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GDPR Violations in Europe

data ethics advisory council

GDPR Violations in Europe

A large gap in GDPR violations between EU countries and different industries


What is GDPR?

The General Data Protection Regulation (GDPR) is the toughest data privacy and protection law in Europe. It  was adopted on April 14th, 2016 after passing European Parliament and became enforceable on May 25th, 2018. It is applicable on companies and organizations worldwide as long as they target data of citizens or residents of the European Union member states. It is composed of 99 Articles, each stating certain laws, principles or provisions about a particular data protection regulation. The GDPR also provides 173 Recitals of the regulation as a resource and  guideline for individuals and organizations who are involved in any data transfer. The GDPR’s understanding of data protection is very deep and it is proven by the 7 data protection principles which were highlighted in Article 5 of the GDPR:

1. Lawfulness, fairness and transparency

2. Purpose limitation

3. Data minimization

4. Accuracy

5. Storage limitation

6. Integrity and confidentiality

7. Accountability

The GDPR is in fact an extension of the European Convention on Human Rights in 1950. The EU needed to adapt to technological change in human lives, hence, provide up-to-date human rights laws including the right for personal data privacy and protection of Personally Identifiable Information (PII) from exploitation and misuse. The individuals/organizations that are required to be compliant to the GDPR are mainly one of two types:
  • Data Controller: The employee or the organization that has the decision-making power when it comes to how and why data from the EU is being used.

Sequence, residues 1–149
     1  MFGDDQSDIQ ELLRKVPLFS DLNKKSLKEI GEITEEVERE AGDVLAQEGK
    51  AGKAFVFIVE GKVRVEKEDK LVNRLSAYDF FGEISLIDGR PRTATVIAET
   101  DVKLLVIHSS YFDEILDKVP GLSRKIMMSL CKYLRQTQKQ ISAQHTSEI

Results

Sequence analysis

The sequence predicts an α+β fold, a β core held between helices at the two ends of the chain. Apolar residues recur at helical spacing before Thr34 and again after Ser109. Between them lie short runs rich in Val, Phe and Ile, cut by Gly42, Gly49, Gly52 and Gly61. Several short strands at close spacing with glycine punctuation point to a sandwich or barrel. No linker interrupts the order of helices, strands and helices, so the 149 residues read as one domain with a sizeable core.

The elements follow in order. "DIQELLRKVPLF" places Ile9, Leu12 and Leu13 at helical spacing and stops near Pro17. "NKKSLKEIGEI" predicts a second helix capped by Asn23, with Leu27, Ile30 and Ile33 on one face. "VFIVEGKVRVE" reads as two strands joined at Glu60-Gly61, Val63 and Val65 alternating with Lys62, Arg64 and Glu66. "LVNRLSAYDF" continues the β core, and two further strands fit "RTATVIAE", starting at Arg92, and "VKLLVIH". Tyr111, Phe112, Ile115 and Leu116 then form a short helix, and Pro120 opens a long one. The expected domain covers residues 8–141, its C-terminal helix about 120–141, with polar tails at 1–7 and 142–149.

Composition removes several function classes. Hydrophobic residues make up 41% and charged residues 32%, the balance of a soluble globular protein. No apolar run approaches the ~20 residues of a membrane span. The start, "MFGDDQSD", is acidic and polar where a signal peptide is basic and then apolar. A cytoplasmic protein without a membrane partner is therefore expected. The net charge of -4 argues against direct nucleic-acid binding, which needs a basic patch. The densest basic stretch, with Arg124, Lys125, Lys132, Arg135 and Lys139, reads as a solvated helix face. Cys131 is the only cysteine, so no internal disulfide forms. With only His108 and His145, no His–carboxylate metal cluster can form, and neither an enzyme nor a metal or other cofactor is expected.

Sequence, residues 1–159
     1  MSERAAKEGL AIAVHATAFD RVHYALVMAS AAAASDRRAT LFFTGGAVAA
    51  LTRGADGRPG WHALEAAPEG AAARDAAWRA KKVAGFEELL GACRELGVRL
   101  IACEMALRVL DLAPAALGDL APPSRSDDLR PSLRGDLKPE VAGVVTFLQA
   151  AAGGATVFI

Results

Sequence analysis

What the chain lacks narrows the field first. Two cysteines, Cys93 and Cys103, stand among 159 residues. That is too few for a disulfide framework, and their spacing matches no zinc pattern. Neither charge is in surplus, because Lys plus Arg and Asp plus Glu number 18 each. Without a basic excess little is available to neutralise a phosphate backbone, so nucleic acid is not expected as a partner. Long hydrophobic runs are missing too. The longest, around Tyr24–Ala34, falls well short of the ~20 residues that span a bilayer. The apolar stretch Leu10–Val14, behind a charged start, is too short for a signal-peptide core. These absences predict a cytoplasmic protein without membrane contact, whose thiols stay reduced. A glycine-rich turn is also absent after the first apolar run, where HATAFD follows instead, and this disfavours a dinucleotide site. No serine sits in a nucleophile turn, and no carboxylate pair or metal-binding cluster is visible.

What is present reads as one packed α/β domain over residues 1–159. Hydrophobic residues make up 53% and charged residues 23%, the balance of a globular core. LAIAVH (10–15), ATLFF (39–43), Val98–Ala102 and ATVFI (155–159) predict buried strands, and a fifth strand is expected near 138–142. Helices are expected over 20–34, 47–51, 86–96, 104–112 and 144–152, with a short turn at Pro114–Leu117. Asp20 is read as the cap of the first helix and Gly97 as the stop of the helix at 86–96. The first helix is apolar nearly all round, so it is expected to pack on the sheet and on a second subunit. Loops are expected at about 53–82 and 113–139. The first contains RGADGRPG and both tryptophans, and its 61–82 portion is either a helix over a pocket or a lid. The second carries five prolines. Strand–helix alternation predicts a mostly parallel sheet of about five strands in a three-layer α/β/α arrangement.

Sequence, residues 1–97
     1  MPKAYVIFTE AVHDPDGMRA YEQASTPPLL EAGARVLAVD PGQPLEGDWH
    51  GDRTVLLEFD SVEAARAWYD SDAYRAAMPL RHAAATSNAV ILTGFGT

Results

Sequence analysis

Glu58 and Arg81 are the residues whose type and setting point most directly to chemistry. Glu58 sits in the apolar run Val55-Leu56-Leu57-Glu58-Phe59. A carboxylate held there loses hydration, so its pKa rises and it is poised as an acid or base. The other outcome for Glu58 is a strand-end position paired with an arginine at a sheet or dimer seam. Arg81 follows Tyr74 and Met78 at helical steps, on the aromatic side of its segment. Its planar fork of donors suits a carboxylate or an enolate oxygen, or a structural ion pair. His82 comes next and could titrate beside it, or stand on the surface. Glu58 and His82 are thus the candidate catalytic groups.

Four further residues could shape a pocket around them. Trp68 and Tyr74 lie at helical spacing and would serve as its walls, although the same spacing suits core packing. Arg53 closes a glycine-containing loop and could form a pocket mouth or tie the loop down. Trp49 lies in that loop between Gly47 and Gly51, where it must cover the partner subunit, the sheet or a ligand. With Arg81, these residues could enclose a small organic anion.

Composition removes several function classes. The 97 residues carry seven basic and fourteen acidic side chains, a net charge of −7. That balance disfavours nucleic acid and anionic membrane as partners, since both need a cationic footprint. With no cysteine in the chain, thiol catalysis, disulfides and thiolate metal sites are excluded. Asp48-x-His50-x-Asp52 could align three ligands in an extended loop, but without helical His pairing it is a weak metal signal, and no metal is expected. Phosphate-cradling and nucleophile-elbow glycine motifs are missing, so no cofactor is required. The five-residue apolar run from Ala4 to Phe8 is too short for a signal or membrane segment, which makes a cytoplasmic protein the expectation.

• Data Processor: The third party that is responsible for processing the data on behalf of the data controller.
Both parties have a set of special GDPR rules specific to them besides the general ones, which they also need to abide by. Otherwise, these two parties will face serious penalties from European data authorities.

GDPR Violations by volume.

The GDPR’s penalty fines can be very important, depending on the article corresponding to the violation committed by either the Data Controller or Data Processor. These penalty fines have a wide range from a few hundred Euros to 20 Million Euros (24.1 Million Dollars) or 4% of global revenue which in most cases is considered higher than 20 M€.

Fines of GDPR violations in the European Union witness serious peaks in 2021

Total Fines for GDPR Violations in 2021 (Million Euros)

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The total amount of fines paid by GDPR violators in European Union member states ranges from 0 to 10.4 Million € in the first 7 months of 2021. The fines reached their maximum of 10.4 M€ on January 8th, 2021 where Articles 5 and 6 of the GDPR were violated both in one day by a single organization. The violation was commited by an electronics retail company in Germany that had video-monitored its employees for more than 2 years without having sufficient legal biasis for this personal data processing. The data protection law violation was made in the name of warehouse security and theft prevention.